Interior Mold Problems: Is It Algae Or Green Mold Around Your Window Sills?

If large, greenish-black stains begin to show up around your window sills, you may think it's algae or something similar. The green stuff you see may actually be green-black mold. The following information can help you determine whether or not you have algae or black mold in your home.

Is It Mold or Algae?

Although algae and mold both require moist conditions to grow, the two organisms aren't the same things. Algae is an organism that reproduces and grows by photosynthesis, which means that it needs sunlight and oxygen to flourish. However, green-black mold (or black mold) doesn't do well in direct sunlight. The fungus needs plenty of shade and moisture to grow.

Greenish-black mold generally lurks on damp surfaces, such as wet flooring and moist window sills. The fungus can also pop up around broken water lines and leaky roofs. Mold can move from one place to another rather quickly. If you see stains throughout your home, it may be due to mold and not algae. 

It may tempt you to "diagnose" the greenish-black stains yourself. However, you don't want to do this yourself. Mold and some types of algae can release toxins into the environment. If you inhale the toxins and develop an allergic reaction to them, it could be dangerous. Instead of investigating the matter yourself, hire a mold removal contractor.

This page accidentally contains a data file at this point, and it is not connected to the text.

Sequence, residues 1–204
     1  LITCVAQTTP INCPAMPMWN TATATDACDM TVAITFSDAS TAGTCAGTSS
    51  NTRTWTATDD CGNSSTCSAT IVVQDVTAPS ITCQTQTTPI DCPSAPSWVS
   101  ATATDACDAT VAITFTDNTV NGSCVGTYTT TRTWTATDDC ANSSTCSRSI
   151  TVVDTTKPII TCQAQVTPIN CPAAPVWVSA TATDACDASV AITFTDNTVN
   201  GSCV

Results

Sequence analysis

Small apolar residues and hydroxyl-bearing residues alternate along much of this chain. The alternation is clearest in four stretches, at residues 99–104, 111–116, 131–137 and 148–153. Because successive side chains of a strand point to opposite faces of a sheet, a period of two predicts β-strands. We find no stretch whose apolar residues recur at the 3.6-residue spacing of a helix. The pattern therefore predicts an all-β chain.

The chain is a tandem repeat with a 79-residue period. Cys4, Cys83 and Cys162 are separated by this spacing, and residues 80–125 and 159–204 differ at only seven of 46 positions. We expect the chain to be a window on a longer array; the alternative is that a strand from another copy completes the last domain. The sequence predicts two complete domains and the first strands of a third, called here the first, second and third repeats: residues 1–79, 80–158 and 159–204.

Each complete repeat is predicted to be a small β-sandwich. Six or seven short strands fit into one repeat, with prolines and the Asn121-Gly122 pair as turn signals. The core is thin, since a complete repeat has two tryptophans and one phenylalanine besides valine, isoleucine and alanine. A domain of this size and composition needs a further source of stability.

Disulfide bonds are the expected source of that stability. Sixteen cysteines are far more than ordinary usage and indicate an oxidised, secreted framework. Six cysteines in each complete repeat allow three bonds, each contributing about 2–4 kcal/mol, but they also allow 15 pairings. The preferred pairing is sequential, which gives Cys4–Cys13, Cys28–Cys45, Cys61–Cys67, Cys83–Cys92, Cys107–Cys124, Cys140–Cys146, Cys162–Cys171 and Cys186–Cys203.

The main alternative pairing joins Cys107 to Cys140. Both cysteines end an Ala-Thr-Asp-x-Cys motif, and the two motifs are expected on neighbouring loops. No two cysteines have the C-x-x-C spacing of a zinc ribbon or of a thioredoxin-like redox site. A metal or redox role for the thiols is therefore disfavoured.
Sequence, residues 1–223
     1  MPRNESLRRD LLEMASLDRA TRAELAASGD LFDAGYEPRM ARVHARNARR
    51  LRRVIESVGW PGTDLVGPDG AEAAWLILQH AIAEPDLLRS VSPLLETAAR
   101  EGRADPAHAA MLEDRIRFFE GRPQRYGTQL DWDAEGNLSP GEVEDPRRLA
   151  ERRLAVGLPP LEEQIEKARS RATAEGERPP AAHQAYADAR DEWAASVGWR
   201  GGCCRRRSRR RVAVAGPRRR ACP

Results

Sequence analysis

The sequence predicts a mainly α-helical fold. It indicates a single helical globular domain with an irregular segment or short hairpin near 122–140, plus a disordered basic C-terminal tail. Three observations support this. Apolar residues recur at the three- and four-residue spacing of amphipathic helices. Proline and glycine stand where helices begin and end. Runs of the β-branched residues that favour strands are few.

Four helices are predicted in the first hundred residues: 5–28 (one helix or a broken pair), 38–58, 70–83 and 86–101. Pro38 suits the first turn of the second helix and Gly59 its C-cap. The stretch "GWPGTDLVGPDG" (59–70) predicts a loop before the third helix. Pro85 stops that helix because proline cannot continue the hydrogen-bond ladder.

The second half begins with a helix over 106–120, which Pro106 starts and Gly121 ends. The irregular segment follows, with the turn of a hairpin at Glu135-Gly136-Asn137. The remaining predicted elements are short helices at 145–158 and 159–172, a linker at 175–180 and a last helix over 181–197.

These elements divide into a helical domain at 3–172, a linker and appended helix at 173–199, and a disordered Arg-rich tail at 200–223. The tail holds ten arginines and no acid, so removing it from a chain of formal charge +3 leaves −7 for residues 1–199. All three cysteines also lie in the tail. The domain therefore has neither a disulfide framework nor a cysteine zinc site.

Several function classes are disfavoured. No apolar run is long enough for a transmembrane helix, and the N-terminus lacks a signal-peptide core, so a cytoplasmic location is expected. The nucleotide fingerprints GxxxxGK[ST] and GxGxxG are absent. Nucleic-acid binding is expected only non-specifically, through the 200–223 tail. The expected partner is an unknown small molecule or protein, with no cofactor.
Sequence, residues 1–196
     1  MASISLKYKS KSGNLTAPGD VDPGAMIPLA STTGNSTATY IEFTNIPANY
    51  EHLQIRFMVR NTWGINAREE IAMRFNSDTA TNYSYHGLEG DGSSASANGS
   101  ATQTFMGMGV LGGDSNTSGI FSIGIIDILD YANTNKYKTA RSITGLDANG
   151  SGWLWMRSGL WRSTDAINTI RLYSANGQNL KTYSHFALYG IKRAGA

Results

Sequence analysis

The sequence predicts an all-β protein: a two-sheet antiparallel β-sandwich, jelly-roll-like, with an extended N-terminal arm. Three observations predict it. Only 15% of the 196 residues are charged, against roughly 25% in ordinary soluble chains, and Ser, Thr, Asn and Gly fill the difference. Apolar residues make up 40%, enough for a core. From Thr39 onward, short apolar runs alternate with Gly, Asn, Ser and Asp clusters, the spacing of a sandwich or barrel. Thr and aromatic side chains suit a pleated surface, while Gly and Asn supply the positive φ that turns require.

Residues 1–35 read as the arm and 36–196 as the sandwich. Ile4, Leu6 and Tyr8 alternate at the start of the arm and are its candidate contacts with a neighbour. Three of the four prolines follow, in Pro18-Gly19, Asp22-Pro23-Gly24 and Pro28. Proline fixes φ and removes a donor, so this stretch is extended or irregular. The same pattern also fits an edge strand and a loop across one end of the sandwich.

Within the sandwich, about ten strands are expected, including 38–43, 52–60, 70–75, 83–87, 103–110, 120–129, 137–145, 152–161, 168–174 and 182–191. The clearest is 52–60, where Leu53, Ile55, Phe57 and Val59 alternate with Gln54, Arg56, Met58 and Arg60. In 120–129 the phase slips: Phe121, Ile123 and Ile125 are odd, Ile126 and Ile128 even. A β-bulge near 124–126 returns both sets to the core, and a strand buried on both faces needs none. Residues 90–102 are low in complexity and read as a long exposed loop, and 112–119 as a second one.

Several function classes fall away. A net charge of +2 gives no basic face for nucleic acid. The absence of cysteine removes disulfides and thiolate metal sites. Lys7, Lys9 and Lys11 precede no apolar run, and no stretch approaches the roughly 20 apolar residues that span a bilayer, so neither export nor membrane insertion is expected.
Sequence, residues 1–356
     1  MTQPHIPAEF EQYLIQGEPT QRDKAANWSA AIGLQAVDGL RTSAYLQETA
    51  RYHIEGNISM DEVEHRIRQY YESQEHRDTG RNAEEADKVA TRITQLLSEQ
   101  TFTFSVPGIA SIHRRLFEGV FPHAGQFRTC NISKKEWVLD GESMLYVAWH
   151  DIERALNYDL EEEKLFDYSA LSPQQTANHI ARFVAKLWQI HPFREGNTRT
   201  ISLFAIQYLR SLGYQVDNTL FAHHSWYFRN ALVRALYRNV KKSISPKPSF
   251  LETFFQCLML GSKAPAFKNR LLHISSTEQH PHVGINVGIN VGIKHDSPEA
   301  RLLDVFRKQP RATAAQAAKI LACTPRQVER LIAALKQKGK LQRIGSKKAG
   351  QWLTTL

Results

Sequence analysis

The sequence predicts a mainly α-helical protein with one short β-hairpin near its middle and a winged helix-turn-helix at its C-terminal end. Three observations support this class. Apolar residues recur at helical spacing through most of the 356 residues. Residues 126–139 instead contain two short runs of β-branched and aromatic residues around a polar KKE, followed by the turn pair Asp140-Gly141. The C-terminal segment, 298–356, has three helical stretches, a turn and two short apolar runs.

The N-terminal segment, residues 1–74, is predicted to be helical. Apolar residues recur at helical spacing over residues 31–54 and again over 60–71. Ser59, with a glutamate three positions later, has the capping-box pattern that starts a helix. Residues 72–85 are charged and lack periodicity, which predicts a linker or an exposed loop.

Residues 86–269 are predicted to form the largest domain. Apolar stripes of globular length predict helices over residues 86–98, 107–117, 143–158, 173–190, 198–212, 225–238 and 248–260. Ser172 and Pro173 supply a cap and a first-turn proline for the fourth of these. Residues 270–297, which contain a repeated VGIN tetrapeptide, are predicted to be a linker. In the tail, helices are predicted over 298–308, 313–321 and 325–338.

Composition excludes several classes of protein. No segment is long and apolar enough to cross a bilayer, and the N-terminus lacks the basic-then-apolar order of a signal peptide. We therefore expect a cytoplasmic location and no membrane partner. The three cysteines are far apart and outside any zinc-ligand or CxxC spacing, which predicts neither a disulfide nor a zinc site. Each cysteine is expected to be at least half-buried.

What Can You Do Now?

In order to determine whether or not you have mold or algae in your home, a contractor can test the stains around your window sills. A contractor may use a microscope or another testing method to identify the organism. If the test reveals algae, a contractor may remove it with bleach or another algae-killing substance. You may also learn how to prevent algae from growing in your home in the future. 

If the tests return positive for mold, a contractor may take other steps to remove it. A contractor may need to remove and replace the sills from your windows in order to confine and isolate the mold. If mold traveled elsewhere in your home, a contractor may treat these locations as well. 

You also want to fix any areas of your windows, roof, and walls that allowed moisture inside your house in the first place. If possible, a contractor may offer advice or tips on how to moisture- and mold-proof your home.

For more details about mold, reach out to a contractor like one at DiBiaso's Cleaning and Restoration, Inc today.